Will occupy seasonally flooded areas when the ground is still wet, but they do not occur in truly wet sites or extensive swamp forest.
Tree fall gaps are selected foraging sites for okapi during the early stages of regeneration (Hart & Hart 1989).
Highly selective feeder on leaves, fruits, seeds, ferns, fungi of some 100 plant species.
Prefer to browse in small forest openings where fallen trees allow growth of light-dependent plants; prefer fast-growing tree seedlings, shrubs and vines
Okapi plants are only a temporary resource, scattered widely across the forests; most plants are not acceptable forage
Do not choose shade-tolerant shrubs and select only a small proportion of all the plants available.
Like giraffes, okapis use long, prehensile tongue to pull leaves off branches; a slender muzzle and flexible lips also help with choosing the "right" plants.
Also ingest clay for its minerals, burnt charcoal, and bat guano found in
Digestive system similar to other browsing ruminants.
As in giraffes, gall bladder not present.
Daily food intake (dry matter) of captive okapi ranges from 4.3-5.0 kg
REPRODUCTION & DEVELOPMENT
(Bodmer & Rabb 1992)
Female estrus cycles occur every 15 days throughout the year, but are
Males show few sexual hormonal fluctuations.
Males enter female home ranges to mate.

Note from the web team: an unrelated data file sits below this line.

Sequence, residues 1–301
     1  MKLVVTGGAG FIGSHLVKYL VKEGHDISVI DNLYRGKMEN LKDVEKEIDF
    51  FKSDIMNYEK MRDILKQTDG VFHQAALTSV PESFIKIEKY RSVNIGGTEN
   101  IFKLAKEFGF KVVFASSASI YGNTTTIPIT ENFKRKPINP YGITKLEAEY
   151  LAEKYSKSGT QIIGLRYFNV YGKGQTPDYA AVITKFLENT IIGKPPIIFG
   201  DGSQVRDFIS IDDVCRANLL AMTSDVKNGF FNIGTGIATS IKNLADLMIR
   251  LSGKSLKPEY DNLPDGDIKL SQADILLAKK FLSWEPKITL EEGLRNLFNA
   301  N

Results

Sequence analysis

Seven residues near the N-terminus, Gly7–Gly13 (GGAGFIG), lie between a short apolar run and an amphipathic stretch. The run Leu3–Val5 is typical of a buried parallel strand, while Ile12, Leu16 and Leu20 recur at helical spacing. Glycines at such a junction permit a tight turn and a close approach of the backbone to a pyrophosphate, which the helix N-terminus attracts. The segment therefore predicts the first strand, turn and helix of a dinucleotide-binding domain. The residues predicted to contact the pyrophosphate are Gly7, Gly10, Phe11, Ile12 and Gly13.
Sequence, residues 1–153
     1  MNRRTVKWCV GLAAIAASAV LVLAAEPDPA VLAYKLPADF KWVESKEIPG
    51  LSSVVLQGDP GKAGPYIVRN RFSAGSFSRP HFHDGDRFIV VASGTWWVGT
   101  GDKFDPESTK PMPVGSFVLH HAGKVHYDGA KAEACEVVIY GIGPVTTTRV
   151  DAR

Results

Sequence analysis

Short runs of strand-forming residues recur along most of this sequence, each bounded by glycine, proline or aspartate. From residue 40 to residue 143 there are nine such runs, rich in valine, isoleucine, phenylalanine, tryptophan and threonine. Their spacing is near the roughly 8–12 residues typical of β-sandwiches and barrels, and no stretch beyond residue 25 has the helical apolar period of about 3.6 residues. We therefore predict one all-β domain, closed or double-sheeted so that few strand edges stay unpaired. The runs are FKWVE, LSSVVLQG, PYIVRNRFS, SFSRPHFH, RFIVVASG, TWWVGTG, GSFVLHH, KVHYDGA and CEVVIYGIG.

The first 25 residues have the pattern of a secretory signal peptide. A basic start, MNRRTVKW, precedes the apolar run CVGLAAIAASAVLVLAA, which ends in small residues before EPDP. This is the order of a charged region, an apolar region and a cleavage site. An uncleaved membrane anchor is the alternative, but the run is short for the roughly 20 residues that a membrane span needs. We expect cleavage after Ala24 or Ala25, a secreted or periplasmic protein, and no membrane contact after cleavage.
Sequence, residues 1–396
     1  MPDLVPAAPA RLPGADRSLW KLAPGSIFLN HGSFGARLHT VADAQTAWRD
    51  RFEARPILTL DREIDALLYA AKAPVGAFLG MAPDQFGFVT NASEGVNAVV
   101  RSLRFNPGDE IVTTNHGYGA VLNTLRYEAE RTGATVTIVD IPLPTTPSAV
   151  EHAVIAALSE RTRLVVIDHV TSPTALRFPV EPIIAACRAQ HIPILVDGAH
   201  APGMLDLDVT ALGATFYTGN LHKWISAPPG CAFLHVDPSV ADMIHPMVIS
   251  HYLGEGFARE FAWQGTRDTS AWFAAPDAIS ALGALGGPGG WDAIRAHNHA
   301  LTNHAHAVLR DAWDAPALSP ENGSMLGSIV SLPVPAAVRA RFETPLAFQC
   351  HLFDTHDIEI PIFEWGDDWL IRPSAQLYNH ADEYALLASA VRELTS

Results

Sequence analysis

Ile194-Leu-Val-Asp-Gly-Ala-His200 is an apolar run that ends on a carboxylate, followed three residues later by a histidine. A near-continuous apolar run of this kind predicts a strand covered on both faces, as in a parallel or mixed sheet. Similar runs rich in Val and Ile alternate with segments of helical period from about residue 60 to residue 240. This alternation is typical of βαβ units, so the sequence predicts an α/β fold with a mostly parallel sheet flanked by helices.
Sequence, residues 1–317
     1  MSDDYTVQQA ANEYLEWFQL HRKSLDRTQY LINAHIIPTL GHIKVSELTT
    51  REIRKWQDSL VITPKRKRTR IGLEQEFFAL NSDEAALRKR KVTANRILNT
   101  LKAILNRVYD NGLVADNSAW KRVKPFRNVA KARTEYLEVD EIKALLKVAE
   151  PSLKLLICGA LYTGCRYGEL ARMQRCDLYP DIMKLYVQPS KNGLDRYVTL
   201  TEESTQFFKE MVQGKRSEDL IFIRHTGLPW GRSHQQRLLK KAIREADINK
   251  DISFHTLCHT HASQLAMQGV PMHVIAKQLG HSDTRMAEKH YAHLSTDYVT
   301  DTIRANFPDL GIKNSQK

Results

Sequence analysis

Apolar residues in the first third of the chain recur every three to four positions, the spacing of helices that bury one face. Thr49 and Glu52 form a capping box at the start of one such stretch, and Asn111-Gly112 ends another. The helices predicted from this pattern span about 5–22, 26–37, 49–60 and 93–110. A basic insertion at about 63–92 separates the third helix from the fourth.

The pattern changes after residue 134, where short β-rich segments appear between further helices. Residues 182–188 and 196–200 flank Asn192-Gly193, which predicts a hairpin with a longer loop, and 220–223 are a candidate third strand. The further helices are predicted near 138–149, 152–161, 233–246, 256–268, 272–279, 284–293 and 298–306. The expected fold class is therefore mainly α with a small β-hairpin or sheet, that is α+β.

Males marking with urine occurs most frequently during courtship.
During courtship, couple stands head to tail in a reverse parallel
position, accompanied by circling and mutual sniffing of inguinal
areas. Males and females flehmen, and males then go through a series
of behaviors including head and neck stretches, head forward and
upward positions, erect postures, nose lifting, and leg kicking. The
receptive female responds by a head-low posture, often with the tail
Gestation lasts around 440 days.
Signs in females or impending birth are swelling of the udder, viscous
discharges from the vagina and swelling of the udder (swelling of the
udder may occur 2 months before the birth).
Females usually stand during birthing labor, but may recline for
Mother typically ingests the fetal membranes and placenta.
High frequency of contact and grooming between mother and infant after
birth. However, mothers may respond aggressively to the newborn,
striking with the head or hooves and sometimes killing the infant.
Litter Size: one (only one record of twinning)
Weigh 14-30 kg at birth; weight doubles by end of first month.
Okapi milk has 1/3 more protein than cow's milk and low fat content.
Okapi infants do not imprint strongly on mother and may nurse from more than one female at times.
Infants spend about 80% of time at the nest during the first 2 months
(this lack of activity may serve to ensure rapid growth).
Infants start taking solid food by the 3rd week, and rumination can be
seen by the 6th week.
Weaning takes place at 6 months, although young may continue to suckle
for > 1 year.
Horn development doesn't begin until about one year.
Adult size reached at about 3 years
Captive sexual maturity reached after 1 year 7 months (female) and 2
years 2 months (male).
Longevity of captives that survive past the 1st year is usually 15-20
years; exceptionally up to 33 years